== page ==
A government-watchdog group has fired the latest salvo against Christine O'Donnell, the Republicans' newly minted U.S. Senate nominee in Delaware, calling her a "crook" and accusing her of embezzling campaign funds and evading taxes.
In one of the strongest condemnations yet against the "tea party"-backed Ms. O'Donnell, the nonpartisan Citizens for Responsibility and Ethics in Washington (CREW) Monday filed complaints with the U.S. attorney's office in Delaware and the Federal Election Commission accusing her of using campaign funds to pay for personal expenses and then lying about her expenditures on forms she filed with the FEC.
CREW has asked the U.S. attorney's office to start an immediate criminal inquiry and asked the FEC to conduct a full audit of all of Ms. O'Donnell's campaign expenses.
"Christine O'Donnell is clearly a criminal, and like any crook, she should be prosecuted," Melanie Sloan, CREW executive director, said in a written statement. "Ms. O'Donnell has spent years embezzling money from her campaign to cover her personal expenses. Republicans and Democrats don't agree on much these days, but both sides should agree on one point: Thieves belong in jail, not the United States Senate."
The O'Donnell campaign didn't respond to several telephone and e-mail requests for comment regarding CREW's accusations, but her campaign manager, Matt Moran, told CNN that he was "very confident that [the CREW accusations] will be dismissed as frivolous."
"And for the charges that need to be articulated fully, we have some lawyers that will be looking at that and addressing those concerns," he said.
Ms. O'Donnell, once regarded as a long-shot candidate, shocked party-establishment favorite Rep. Michael N. Castle to win last week's GOP primary despite operating on a shoestring budget. Since then, she has been hammered by Democrats and even members of her own party for some of her politically and religiously conservative views. Karl Rove, who was an adviser to President George W. Bush, last week rebuked her for saying "nutty" things and characterized her as unelectable.
Kim Reeves, a spokeswoman for Delaware U.S. Attorney David C. Weiss, said the office has received the complaint and "like all complaints, we will review them in their entirety."
CREW has targeted congressional lawmakers from both major political parties in recent years. It filed a complaint with the Office of Congressional Ethics in July against Rep. Gregory W. Meeks, accusing the New York Democrat of violating federal law and House rules by accepting $40,000 from a New York businessman and failing to include it on his personal financial-disclosure reports.
The group last year also filed a complaint with the FEC against the campaign committee of Sen. Mary L. Landrieu, Louisiana Democrat, regarding concerns about a $25,300 "donation" to the U.S. Treasury Department made last year by her campaign.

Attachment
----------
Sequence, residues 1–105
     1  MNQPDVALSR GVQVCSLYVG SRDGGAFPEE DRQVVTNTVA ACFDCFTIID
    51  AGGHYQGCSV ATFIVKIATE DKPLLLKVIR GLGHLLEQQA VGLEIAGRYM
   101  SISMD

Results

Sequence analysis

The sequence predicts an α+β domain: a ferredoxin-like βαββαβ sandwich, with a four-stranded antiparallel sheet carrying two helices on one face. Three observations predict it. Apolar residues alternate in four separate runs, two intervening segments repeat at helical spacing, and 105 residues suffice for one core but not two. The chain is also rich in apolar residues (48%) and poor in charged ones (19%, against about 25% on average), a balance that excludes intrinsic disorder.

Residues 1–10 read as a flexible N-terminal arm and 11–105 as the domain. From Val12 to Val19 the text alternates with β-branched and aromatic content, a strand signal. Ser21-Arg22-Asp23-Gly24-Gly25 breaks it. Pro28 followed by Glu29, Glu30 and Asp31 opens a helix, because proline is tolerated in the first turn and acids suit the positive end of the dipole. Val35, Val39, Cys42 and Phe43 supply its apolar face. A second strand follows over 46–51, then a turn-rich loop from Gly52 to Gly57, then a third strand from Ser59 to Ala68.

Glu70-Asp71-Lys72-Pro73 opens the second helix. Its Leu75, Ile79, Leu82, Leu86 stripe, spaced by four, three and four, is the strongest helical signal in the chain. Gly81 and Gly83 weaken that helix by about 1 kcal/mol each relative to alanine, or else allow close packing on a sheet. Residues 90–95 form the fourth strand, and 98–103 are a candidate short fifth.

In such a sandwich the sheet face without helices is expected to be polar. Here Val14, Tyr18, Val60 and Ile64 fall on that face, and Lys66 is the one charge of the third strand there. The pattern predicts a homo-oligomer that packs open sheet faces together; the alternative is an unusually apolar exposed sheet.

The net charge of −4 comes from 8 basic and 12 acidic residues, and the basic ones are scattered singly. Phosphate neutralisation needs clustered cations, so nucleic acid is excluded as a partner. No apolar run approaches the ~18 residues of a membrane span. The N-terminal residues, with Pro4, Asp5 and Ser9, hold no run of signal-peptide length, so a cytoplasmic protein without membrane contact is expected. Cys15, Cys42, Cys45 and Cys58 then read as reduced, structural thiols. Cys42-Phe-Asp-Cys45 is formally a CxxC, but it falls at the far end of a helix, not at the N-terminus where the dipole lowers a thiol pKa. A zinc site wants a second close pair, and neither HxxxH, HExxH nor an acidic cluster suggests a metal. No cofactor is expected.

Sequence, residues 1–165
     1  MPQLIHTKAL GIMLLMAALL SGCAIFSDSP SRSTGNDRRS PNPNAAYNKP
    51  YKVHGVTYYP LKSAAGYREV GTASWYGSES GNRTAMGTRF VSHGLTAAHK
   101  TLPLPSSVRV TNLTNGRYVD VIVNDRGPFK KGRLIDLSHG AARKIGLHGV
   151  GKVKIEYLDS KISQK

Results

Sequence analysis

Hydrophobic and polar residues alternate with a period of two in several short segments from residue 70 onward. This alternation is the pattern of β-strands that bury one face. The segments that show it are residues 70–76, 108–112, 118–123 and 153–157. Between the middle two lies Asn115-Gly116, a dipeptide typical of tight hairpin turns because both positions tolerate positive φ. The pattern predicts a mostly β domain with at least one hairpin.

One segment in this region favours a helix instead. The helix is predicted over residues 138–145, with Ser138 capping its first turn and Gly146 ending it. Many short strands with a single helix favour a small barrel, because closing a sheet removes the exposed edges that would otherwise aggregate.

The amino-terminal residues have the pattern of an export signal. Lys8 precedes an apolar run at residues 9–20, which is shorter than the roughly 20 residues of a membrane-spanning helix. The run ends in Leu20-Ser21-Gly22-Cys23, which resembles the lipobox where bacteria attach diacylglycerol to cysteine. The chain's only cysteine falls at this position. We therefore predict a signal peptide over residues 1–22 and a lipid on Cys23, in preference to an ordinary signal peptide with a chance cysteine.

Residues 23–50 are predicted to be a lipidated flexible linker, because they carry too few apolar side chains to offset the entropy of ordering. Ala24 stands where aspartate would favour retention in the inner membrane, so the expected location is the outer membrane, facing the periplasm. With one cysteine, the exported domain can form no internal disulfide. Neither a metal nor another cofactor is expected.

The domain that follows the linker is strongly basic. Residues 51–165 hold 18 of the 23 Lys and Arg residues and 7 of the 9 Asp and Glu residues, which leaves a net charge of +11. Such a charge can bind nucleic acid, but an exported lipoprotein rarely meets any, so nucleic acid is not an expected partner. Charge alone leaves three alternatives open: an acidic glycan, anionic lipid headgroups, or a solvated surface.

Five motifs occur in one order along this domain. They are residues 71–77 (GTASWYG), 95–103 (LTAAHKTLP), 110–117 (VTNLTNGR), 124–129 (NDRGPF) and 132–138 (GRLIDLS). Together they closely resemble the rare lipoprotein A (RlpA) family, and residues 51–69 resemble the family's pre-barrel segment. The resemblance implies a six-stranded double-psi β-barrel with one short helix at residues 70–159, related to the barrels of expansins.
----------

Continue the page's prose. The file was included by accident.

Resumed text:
Ms. O'Donnell, 41, is one of 14 congressional candidates on CREW's "Crooked Candidates 2010" list, which has nine Republicans, three Democrats and two independents. Federal law prohibits federal candidates from using campaign funds for personal use.
CREW says she also committed tax evasion by misusing $20,000 in campaign funds in 2009 and 2010 and by failing to include the cash as personal income.
The group's complaint is based in part on an affidavit of former campaign aide David Keegan. Mr. Keegan said that twice in 2009, when Ms. O'Donnell was out of money, she paid her landlord rent out of her campaign funds. He also said she routinely used campaign funds for meals, gas and even a bowling outing.
On FEC forms, Ms. O'Donnell called the expenditures for her rent "expense reimbursements" and said the money spent on gas, meals and bowling were "travel" expenses, CREW says.
In the days after her come-from-behind primary win, Ms. O'Donnell received a $42,000 campaign contribution from the National Republican Senatorial Committee, the fundraising arm of Senate Republicans, which had worked to elect Mr. Castle. Her campaign also recently received a $250,000 commitment from the Tea Party Express, a California political action committee.
But Ms. O'Donnell has taken heat in recent days after an interview more than a decade old resurfaced in which she said she "dabbled" in witchcraft while in high school.
"I dabbled into witchcraft. I never joined a coven," she said during a 1999 taping of comedian Bill Maher's "Politically Incorrect" show.
She stepped back from those comments Sunday, joking with a crowd that "there's been no witchcraft since."
"If there was, Karl Rove would be a supporter now."
Critics have been busy unearthing other unflattering age-old TV clips of the candidate, including one from 1996 in which she equated masturbation with adultery. Ms. O'Donnell last week dismissed those comments by saying that the Constitution - not her personal beliefs - will guide her votes on legislation.
Ms. O'Donnell trailed Democratic nominee Chris Coons, the New Castle County executive, by 11 percentage points in a Rasmussen Reports poll conducted Wednesday, the day after her primary victory.
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Sean Lengell covers Congress and national politics and can be reached at email@example.com.
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